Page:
In addition, some companies jeopardize an entrant's
opportunity to participate in the lottery by filing several entries.
These companies also may charge lottery-winning applicants substantial
fees to complete the application process.
See these examples
A delay in processing a winner's application can
ruin their chance for a green card because the State Department selects
more winners than there are visas available. The State Department awards
visas to winners on a first-come, first-served basis. In addition, a
winning application is only valid for one federal fiscal year (October 1
- September 30): Winners of the DV-2005 lottery must apply for a visa
between October 1, 2004, and September 30, 2005.
Protecting Yourself from Fraud
The FTC says the best way to protect against green
card lottery scams is to understand how the State Department's lottery
- There's no charge to enter the green card lottery.
You can enter on your own at
the State Department's Web site. You'll need to answer
a few questions and provide passport-style digital photographs.
You'll get an acknowledgment from the State Department once you've
submitted your entry. Hiring a company or attorney to enter the lottery for you is your
decision, but unless you are a moron, it is a waste of money.
The person you pay will have to follow the same
procedure. And your chance of being selected is the same whether you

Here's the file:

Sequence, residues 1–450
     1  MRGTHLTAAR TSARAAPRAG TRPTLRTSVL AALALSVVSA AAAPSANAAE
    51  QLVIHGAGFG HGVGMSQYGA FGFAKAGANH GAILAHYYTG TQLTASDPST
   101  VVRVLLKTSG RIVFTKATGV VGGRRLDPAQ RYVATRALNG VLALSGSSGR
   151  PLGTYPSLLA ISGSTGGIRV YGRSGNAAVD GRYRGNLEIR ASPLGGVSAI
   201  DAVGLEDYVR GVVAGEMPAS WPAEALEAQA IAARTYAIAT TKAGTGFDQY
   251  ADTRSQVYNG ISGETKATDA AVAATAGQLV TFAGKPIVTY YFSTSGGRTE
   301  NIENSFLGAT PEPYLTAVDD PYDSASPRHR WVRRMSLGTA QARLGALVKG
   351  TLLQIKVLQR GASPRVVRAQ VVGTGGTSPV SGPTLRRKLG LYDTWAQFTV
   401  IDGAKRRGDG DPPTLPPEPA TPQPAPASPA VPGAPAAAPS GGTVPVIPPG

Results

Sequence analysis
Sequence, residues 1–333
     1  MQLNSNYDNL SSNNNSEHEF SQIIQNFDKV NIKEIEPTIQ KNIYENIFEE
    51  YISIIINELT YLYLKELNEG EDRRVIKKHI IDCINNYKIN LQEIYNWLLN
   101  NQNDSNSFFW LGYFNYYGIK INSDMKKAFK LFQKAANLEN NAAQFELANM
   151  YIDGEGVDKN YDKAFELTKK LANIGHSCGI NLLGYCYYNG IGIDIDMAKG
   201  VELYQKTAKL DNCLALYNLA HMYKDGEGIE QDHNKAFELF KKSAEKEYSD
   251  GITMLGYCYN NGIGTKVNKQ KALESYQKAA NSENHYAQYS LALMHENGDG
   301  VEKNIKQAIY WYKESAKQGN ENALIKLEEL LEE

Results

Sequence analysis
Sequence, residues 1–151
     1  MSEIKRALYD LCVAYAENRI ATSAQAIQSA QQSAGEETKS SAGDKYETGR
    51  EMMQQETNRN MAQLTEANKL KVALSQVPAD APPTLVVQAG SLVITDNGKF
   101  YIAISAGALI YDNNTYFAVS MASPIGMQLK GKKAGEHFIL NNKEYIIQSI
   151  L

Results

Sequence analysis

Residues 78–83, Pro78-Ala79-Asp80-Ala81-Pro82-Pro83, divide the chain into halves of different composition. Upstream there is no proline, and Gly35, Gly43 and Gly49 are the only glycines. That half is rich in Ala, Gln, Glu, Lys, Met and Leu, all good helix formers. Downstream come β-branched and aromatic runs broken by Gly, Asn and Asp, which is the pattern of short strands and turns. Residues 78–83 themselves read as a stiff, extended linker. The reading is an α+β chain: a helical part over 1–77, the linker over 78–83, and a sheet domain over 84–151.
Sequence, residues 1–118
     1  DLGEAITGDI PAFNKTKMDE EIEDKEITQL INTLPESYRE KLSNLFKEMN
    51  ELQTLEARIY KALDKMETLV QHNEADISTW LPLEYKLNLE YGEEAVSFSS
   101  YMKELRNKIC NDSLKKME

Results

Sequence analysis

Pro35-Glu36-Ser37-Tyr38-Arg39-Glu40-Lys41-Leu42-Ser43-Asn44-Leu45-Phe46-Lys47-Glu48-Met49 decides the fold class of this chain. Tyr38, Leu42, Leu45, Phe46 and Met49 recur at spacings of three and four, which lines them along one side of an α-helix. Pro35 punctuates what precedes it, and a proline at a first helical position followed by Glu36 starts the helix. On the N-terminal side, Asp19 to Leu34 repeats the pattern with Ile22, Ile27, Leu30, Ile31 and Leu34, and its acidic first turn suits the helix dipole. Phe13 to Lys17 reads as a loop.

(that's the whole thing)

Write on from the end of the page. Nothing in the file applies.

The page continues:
submit the entry or you pay someone to do it for you.
- Submit only one entry. If you submit more than
one, you will be disqualified.
- Selection of entries is random. Spouses who are
eligible for the DV lottery can apply separately; the "losing"
spouse can enter the country on the Diversity Visa of the "winning"
spouse. This is the only legitimate way to significantly increase
your chance of entering the U.S. through the DV lottery.
- Be alert to Web sites promising government travel or
residency documents online or by mail. Except for entering
the DV lottery, most applications for visas, passports, green cards,
and other travel and residency documents must be completed in person
before an officer of the U.S. government.
- Be thoughtful about who you send your personal documents
to. Unless you have an established relationship with a
business, do not mail birth certificates, passports, drivers'
licenses, marriage certificates, Social Security cards, or other
documents with your personal identifying information to businesses
promising to complete your application for travel or residency
documents. These businesses may be engaged in identity theft.
- Be skeptical of Web sites posing as U.S. government
sites. They may have domain names similar to government
agencies, official-looking emblems (eagles, flags, or other American
images like the Statue of Liberty or the U.S. Capitol), the official
seals or logos of - and links to - other government sites, and list
Washington, D.C., mailing addresses. If the domain name
doesn't end in ".gov," it's not a government site. Bogus
sites may charge for government forms. Don't pay; government forms
and instructions for completing them are available from the issuing
U.S. government agency for free.
For More Information
For details about the State
Department's Diversity Visa lottery:
The FTC works for the consumer to prevent
fraudulent, deceptive and unfair business practices in the marketplace
and to provide information to help consumers spot, stop, and avoid them.
Click here to file a
Click here to get free
information on consumer issues, or
call toll-free, 1-877-FTC-HELP (1-877-382-4357); TTY: 1-866-653-4261.
The FTC enters Internet, telemarketing, identity theft, and other
fraud-related complaints into
Consumer Sentinel, a secure, online database available to hundreds
of civil and criminal law enforcement agencies in the U.S. and abroad.